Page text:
Memorial Sports Medicine is teaming up with Athletic Republic in hopes of preventing these injuries from ever happening. Female high school athletes are being tested to see if they are at risk for an ACL tear.
The ACL prevention program will also focus on improving the diet of local high school athletes. Proper nutrition is a part of keeping muscles, ligaments, and joints healthy. A preliminary study of local female athletes’ diets shows troubling trends and a lot of room for improvement.
Athletes jump onto and off of a force plate, designed by Athletic Republic, which measures the force of the jump. Sensors are placed on the athlete, while a camera and computer system records the data to analyze the mechanics of the jump. “The study is looking for trends such as stress on the knee, knee movements, hip weakness, and tibia or lower leg length,”
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Medicine on the Fast Track If you have paid a visit to an emergency room (ER) lately, chances are you were not the only one in the waiting room. Cuts and broken bones are common in ERs around the country as more and more people use the emergency room for urgent care. And, with one of the worst flu seasons in recent memory, it has been a busy year for those working in emergency medicine.
all of the ER’s have gone up just with the increased number of patients. So we’re trying to respond to that and expand the capacity of our emergency department so we can get people through quicker.”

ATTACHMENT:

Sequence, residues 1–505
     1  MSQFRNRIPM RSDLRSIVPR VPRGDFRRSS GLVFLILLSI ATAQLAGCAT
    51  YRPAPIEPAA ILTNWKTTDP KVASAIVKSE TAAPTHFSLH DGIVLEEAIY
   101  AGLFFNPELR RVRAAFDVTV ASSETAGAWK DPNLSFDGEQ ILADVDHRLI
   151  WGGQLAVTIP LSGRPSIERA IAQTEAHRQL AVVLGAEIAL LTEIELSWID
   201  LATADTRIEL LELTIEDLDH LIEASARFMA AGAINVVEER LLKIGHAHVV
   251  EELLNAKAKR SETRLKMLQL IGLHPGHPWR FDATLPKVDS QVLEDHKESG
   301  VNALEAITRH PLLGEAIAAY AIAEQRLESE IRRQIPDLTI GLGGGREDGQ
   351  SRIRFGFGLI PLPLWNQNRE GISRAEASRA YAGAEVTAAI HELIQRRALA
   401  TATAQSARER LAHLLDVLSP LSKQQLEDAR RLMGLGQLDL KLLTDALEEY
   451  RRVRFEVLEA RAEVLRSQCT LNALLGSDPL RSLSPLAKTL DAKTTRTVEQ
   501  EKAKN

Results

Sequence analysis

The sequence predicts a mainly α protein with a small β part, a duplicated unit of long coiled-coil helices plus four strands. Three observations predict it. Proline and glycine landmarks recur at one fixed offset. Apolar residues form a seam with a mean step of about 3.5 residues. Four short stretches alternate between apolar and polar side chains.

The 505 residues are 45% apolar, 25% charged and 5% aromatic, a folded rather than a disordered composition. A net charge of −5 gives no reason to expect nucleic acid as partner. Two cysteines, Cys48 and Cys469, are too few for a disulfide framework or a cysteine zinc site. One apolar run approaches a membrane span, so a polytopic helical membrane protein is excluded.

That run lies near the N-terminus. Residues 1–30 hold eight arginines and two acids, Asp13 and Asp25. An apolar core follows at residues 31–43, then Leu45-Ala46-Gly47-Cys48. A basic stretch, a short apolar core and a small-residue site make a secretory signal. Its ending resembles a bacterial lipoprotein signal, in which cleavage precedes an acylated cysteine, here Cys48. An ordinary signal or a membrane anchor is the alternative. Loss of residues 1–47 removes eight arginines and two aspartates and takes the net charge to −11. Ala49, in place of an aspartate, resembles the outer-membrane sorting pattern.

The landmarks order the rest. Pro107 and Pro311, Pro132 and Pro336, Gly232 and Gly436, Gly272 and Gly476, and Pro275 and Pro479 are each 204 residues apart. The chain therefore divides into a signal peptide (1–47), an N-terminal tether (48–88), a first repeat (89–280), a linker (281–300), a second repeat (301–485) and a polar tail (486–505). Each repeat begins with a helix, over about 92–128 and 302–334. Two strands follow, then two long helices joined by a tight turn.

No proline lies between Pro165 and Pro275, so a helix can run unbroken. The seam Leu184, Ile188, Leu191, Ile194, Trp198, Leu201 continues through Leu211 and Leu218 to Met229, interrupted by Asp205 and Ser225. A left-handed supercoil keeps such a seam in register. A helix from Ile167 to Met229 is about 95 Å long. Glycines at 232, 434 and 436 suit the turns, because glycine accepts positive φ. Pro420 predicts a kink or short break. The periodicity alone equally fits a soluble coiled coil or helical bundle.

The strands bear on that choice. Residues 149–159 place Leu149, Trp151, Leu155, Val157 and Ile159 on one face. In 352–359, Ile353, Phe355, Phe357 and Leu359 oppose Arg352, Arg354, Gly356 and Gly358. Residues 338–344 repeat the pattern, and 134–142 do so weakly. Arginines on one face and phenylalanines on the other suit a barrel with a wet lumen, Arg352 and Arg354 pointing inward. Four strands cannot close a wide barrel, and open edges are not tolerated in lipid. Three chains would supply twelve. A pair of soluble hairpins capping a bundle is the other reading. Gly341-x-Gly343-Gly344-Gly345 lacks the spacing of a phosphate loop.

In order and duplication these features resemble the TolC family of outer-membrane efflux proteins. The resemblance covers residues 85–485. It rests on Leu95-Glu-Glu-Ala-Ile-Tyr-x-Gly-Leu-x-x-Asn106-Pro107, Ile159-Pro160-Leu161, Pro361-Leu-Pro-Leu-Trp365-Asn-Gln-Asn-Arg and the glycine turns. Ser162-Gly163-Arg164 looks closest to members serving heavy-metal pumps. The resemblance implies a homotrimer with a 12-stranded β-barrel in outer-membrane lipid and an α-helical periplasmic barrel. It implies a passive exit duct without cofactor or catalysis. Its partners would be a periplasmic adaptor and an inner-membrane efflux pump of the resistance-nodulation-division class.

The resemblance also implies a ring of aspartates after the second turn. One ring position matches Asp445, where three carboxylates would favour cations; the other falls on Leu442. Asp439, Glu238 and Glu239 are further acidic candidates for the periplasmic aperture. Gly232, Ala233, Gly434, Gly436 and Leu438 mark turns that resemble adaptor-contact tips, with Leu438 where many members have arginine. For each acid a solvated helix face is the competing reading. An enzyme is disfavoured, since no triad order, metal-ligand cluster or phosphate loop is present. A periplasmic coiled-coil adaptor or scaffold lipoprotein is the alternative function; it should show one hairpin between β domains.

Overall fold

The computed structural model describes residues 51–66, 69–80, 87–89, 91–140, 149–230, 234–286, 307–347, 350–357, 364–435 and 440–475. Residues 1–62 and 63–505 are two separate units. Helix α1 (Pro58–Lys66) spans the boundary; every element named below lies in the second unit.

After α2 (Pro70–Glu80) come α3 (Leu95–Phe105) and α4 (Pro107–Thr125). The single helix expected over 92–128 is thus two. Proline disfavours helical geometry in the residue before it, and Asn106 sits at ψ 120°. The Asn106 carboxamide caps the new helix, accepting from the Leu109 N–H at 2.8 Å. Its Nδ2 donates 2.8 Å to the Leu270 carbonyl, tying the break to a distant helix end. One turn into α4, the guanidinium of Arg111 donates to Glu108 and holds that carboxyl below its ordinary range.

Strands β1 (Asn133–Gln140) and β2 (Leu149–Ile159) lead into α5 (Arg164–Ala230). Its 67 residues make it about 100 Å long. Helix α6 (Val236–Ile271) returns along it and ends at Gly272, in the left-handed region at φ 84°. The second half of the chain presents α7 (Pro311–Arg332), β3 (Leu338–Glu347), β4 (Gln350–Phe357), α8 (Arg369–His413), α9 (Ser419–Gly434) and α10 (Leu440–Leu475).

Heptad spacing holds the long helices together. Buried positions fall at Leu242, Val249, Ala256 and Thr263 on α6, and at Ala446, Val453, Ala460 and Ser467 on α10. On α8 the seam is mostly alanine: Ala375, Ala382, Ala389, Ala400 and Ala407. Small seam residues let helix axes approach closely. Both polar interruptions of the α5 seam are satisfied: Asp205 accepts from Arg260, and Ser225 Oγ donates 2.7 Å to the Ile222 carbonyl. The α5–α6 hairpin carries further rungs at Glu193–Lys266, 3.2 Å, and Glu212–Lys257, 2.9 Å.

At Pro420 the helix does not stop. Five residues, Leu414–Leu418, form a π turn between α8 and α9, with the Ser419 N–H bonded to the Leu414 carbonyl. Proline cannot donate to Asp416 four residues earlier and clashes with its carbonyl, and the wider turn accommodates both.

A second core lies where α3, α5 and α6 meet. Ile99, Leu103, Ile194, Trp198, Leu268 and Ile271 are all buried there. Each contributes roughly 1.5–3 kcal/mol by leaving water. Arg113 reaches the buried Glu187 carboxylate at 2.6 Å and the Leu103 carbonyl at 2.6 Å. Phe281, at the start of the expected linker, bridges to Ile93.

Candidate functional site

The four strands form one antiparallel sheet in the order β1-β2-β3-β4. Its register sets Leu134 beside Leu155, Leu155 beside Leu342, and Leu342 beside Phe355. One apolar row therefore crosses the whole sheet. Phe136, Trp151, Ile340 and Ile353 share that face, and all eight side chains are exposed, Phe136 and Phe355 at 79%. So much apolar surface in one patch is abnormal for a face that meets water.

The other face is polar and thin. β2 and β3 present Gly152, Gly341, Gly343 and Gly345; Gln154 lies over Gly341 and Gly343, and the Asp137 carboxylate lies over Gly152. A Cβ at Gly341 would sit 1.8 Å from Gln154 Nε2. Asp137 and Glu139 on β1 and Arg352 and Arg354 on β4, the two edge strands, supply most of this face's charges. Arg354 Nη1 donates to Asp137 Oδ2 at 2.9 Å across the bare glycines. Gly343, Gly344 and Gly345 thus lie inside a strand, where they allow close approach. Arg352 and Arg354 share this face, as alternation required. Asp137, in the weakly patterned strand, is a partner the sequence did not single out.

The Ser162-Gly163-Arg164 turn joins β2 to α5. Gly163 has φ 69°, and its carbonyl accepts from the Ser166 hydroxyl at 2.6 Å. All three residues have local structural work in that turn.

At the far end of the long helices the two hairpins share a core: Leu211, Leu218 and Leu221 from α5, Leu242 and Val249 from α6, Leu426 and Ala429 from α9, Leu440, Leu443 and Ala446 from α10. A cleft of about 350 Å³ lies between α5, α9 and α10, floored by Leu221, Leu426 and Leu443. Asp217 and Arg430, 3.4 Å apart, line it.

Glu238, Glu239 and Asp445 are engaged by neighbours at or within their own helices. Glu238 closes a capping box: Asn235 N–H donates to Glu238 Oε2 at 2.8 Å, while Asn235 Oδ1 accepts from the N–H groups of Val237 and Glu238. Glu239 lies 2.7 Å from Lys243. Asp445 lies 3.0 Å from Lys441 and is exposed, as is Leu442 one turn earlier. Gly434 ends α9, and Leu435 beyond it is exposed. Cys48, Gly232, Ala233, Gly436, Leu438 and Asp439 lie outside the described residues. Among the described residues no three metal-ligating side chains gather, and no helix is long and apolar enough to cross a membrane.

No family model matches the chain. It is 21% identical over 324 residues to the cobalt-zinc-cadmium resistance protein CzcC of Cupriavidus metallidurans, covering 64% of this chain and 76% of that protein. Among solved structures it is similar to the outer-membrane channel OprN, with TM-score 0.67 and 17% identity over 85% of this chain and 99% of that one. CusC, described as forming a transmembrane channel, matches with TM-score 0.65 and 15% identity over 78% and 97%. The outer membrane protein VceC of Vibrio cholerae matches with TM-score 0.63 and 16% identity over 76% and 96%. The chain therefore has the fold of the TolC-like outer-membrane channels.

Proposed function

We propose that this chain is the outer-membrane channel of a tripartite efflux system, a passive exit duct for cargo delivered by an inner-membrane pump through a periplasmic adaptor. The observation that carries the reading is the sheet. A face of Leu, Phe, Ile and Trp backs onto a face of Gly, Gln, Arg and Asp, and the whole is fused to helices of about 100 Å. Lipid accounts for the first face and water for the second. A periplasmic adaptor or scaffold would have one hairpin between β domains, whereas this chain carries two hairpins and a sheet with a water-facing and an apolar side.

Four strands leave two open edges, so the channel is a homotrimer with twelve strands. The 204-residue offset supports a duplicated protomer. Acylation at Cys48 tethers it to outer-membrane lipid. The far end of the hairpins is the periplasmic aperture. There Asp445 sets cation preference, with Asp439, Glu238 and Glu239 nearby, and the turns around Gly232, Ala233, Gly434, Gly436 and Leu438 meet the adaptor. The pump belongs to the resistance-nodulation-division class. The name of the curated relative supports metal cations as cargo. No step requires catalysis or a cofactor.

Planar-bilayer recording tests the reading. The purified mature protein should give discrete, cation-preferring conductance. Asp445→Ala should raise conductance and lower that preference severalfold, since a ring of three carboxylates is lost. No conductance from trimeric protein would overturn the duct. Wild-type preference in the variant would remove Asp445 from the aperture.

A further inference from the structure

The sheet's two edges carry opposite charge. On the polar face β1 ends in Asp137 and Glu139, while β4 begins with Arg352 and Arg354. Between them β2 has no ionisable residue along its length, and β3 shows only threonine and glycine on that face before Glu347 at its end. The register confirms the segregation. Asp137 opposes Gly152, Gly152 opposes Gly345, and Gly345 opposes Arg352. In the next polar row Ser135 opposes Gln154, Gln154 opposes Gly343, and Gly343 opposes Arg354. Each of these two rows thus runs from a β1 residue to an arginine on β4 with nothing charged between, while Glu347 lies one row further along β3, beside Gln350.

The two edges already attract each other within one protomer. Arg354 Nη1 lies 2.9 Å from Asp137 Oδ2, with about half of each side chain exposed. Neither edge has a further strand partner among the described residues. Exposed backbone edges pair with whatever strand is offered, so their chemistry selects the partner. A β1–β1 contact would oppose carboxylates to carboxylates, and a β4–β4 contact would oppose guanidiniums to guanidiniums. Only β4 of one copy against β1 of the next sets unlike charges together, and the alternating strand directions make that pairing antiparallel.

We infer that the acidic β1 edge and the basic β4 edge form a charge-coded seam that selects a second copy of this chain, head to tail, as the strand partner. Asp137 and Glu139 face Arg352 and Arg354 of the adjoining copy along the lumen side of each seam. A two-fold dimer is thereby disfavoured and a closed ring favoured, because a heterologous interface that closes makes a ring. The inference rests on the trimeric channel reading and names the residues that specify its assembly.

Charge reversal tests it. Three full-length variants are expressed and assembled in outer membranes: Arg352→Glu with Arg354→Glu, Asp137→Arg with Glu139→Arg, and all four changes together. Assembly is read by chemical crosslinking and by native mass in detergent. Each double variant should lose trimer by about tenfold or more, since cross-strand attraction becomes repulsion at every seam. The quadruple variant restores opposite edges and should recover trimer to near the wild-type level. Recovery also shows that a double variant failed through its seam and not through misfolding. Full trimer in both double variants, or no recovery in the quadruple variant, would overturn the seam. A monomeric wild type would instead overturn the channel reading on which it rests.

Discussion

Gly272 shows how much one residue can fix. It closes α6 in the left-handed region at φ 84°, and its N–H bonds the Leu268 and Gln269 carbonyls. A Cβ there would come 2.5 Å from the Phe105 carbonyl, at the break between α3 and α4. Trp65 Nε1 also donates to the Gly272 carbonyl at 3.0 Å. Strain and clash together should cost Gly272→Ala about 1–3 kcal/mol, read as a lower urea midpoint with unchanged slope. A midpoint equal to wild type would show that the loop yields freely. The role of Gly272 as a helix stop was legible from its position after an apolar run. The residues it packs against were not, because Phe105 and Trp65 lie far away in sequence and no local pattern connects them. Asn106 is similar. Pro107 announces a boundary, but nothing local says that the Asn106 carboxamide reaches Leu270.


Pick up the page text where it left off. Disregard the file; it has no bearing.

The new year has brought with it a record number of patients that come through the Lake Charles Memorial ER on a daily basis.
The increased patient load has sparked a $200,000 renovation to Memorial’s ER. The upgrades will add four new patient bays tailored specifically to deal with non-life threatening injuries and illnesses.
“We’re getting more and more sick people. This winter especially has been very high in volume,” says Dr. Robert Anderson, medical director of Memorial’s emergency department. “Because of that, the wait times in pretty much
These types of patients tend to wait the longest because the more serious patients take top priority. This new fast-track system aims to get those patients in and out quicker by routing them through the urgent care track.
Nancy Coffey, RN, talks with a patient with minor injuries. 10
Dr. Robert Anderson says the ER renovations will cut down on patient wait time. “Hospitals around the country are adopting the use of these fast-track units as more patients rely on ERs for non-life-threatening illnesses because either they don’t have a regular doctor or have trouble getting to see one on short notice,” says Nancy Coffey, a registered nurse and Memorial’s ER director. Currently, patients who come to the ER seeking minor emergency care can expect to spend an average of two hours from start to finish. Memorial hopes the renovations will decrease this waiting time. The new construction will bring about a reshuffling of the ER as well. A brand new triage room will be added to the ER along with a new family room. The front registration area will also change as most patient registration will happen at the bedside using the hospital’s workstations on wheels. “The goal is to make our emergency room more efficient with quicker service,” Dr. Anderson says. “When you are hurt or sick, waiting for help is the last thing you want to do. These changes will help speed things up, while still providing top medical care.” Construction in the ER began in early January and should be completed in the Spring.
Memorial’s new triage room. One of the many upgrades to the ER.
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Michael Broussard, MD Oncologist & Outdoorsman